Canine von Willebrand Disease - Laboratory Diagnosis

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Comparative Coagulation

Canine von Willebrand Disease - Laboratory Diagnosis

Laboratory diagnosis of vWD is most often based on results of von Willebrand factor antigen assay (abbreviated vWF:Ag). This test measures the amount or concentration of vWF in a blood sample. The Comparative Coagulation Section reports each dog's result as %vWF:Ag compared to a 100% standard. Dogs having low plasma vWF:Ag (below 50%) are at risk for transmitting or expressing the vWD trait. In general, the most severely affected dogs have marked reduction in plasma vWF:Ag, with values of less than 15%.

The methods used to draw, process, and ship samples are important for accurate results. Samples containing clots or hemolysis (red cell breakdown) are the most likely to yield inaccurate or unreproducible results. Use of a standard sampling technique ensures optimum sample quality.

Plasma vWF levels fluctuate from day to day in normal, healthy dogs. This fluctuation is exaggerated during pregnancy or heat in bitches, and in any dog having a systemic illness (especially liver disease or inflammatory disorders). Baseline values of vWF:Ag are more accurate genetic predictors for vWD status, therefore samples for genetic screening should be drawn from healthy dogs and bitches not pregnant or in heat. Puppies can be sampled as young as 6 to 8 weeks of age.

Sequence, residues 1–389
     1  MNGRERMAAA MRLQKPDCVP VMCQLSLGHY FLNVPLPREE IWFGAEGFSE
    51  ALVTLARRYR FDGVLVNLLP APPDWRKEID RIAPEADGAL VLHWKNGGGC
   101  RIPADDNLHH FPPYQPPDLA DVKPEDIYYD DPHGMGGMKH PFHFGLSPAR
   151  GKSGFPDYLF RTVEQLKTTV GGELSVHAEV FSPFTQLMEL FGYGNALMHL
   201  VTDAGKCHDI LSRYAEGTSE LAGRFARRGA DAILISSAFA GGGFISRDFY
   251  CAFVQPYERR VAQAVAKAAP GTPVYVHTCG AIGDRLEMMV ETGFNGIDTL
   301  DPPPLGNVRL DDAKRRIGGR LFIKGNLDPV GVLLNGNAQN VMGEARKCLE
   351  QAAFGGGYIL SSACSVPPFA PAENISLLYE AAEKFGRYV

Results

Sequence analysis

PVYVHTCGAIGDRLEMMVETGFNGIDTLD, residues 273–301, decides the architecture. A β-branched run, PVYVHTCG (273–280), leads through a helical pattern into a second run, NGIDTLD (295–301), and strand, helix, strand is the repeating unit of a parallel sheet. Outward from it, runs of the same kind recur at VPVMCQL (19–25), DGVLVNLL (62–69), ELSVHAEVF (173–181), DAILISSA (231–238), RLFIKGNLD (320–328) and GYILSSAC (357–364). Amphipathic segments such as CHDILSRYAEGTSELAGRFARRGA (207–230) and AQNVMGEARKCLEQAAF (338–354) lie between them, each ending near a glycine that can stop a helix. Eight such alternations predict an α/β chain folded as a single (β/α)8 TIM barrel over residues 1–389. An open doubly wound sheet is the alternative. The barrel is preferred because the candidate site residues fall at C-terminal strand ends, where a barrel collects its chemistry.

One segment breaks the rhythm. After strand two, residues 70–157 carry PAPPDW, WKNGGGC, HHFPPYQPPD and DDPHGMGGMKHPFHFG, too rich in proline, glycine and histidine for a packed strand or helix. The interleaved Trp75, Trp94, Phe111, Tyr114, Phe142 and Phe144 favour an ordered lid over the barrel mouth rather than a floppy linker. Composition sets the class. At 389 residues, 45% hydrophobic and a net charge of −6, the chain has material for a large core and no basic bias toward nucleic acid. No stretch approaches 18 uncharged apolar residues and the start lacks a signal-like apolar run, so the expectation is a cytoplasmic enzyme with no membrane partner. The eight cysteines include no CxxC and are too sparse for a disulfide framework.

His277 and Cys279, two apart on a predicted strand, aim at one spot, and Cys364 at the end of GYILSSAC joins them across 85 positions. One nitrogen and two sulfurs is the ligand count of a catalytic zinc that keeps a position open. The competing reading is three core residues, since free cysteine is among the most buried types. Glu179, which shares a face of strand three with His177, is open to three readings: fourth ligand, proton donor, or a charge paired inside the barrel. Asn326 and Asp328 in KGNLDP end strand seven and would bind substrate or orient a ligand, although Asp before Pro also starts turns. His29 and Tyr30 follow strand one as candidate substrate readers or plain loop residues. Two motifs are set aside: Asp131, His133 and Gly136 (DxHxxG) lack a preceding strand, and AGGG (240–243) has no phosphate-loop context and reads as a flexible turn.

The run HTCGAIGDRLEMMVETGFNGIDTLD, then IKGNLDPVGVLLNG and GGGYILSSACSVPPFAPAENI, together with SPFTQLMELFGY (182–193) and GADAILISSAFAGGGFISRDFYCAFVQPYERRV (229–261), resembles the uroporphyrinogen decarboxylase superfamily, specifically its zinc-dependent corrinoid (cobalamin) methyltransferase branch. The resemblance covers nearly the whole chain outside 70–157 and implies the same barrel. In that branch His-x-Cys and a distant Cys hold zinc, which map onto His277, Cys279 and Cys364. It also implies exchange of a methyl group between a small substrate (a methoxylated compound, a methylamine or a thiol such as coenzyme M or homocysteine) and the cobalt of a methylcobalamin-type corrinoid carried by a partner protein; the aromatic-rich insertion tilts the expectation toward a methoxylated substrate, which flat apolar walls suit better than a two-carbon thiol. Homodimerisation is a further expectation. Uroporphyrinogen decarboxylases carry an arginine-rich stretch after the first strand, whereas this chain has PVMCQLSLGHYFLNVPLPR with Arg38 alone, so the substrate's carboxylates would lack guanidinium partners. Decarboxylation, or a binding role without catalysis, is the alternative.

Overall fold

Diagnostic ranges of vWF:Ag are used to identify vWD-affected dogs and as an aid for predicting genetic status for the vWD trait in asymptomatic dogs.

Diagnostic Range vWF:Ag%
Normal 70 to 180
Borderline 50 to 69
Abnormal 0 to 49


Dogs testing in the normal range are considered clear of the vWD trait, and at low risk for expressing or transmitting vWD.

Dogs testing in the borderline range can not be accurately classified as carrier or clear on the basis of that measurement. This is an overlap region of plasma vWF:Ag, where some individuals are clear and some carriers of vWD. On a second test, some dogs fall in the normal or abnormal range, thereby enabling a prediction of their genetic status. A test mating can be performed by breeding a borderline range dog to a high-testing clear mate. If the borderline parent is clear of vWD, then all pups in the litter are predicted to be clear. The presence of 1 or more abnormal range pup indicates that the borderline parent is a carrier of vWD. Dogs testing in the borderline range are not expected to have a bleeding tendency. They need no restriction on activity or special management.

Dogs testing in the abnormal range are considered carriers of the vWD trait. They are at risk for transmitting an abnormal vWF gene to offspring, and some will express a bleeding tendency. Dogs affected with the most severe form of vWD (type 3 vWD) have very low values of vWF:Ag (1% or less). Severely affected dogs should not undergo surgical procedures without transfusion.